Catawba or Catalpa?

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Dr. Goodword
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Catawba or Catalpa?

Postby Dr. Goodword » Thu Sep 23, 2021 11:28 pm

Judith Hanlon sent me an interesting question last month: “Is it “catalpa or “catawba”? I’ve heard both, and seen both in print (gardening or fishing references), but “catawba” isn’t in any dictionary. Should it be?”

Go to the Language Blog to see how I responded.
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Slava
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Re: Catawba or Catalpa?

Postby Slava » Fri Sep 24, 2021 5:32 pm

I was about to reply without reading the linked article. It says what I would have said, only in more detail. The two words are different things.
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Re: Catawba or Catalpa?

Postby bbeeton » Mon May 23, 2022 10:49 am

A few additions to the good Doctor's essay.

Catawba wines are well represented among the products of the Finger Lakes area of New York. Not as highly valued as those made from the more "traditional" European grapes, but enjoyable nonetheless.

I learned the local name "cigar tree" for the catalpa growing up in Baltimore. I didn't learn the name catalpa until much more recently; we have one in our back yard here in Rhode Island. No catalpa worms though. (Fishing worms around here tend to be "night crawlers".) But, until the tree was trimmed after a windstorm, it was ground zero for a neighborhood woodpecker's drumming, which was always a welcome harbinger of spring. (And I do miss that!) The catalpa is considered a "trash tree" or weed in this area, and can be found on stream banks and similar environments. As far as I know, it's not planted intentionally, but makes its own way.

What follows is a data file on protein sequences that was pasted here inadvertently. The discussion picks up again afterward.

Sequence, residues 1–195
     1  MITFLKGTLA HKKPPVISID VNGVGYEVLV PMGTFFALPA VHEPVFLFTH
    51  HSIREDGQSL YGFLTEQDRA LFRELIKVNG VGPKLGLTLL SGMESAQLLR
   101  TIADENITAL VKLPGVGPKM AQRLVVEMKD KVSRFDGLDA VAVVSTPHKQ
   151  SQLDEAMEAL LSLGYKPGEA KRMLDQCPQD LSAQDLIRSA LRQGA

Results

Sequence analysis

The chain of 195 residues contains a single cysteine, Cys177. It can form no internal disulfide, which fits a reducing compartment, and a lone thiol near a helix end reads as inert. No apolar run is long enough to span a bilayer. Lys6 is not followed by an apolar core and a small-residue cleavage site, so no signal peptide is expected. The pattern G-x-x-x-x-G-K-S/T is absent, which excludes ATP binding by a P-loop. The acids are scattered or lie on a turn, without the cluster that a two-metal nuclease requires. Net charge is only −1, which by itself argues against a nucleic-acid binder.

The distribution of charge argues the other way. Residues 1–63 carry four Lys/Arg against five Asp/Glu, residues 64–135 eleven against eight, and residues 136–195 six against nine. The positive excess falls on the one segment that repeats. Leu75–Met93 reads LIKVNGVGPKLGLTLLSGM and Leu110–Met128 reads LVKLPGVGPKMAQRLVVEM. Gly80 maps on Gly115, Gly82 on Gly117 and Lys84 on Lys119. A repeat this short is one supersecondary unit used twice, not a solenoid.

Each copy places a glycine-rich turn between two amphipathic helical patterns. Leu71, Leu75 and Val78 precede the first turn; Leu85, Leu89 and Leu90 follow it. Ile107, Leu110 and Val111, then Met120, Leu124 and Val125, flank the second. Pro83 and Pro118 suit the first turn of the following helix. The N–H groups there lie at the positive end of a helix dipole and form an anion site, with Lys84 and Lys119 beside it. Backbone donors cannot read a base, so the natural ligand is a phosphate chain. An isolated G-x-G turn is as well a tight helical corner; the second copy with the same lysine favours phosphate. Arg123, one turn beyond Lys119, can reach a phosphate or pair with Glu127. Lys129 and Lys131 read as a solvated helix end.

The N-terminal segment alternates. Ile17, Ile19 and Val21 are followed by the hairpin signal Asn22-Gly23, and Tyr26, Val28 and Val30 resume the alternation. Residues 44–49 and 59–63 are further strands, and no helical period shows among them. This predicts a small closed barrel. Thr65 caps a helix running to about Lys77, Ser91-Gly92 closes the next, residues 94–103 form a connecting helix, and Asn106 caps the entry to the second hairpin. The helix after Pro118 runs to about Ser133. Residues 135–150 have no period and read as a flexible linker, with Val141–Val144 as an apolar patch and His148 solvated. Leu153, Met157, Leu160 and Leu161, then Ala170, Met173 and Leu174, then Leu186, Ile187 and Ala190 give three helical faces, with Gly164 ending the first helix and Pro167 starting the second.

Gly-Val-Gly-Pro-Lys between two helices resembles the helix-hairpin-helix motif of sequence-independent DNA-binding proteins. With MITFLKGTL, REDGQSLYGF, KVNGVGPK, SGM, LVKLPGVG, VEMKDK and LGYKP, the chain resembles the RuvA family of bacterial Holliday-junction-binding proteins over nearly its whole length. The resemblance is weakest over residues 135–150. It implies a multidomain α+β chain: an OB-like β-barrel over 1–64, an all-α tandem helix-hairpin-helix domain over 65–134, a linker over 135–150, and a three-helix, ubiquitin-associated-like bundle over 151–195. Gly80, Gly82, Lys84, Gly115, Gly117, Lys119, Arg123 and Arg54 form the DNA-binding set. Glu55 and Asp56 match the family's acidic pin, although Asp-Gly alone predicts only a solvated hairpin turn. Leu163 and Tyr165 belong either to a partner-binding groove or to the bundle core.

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Re: Catawba or Catalpa?

Postby Philip Hudson » Fri Sep 30, 2022 7:25 pm

In England I have heard the catalpa called an Indian bean tree. Call it what you like but don't set one out in your yard. There was one in my back yard when I moved here 60 years ago. It was the first to go.
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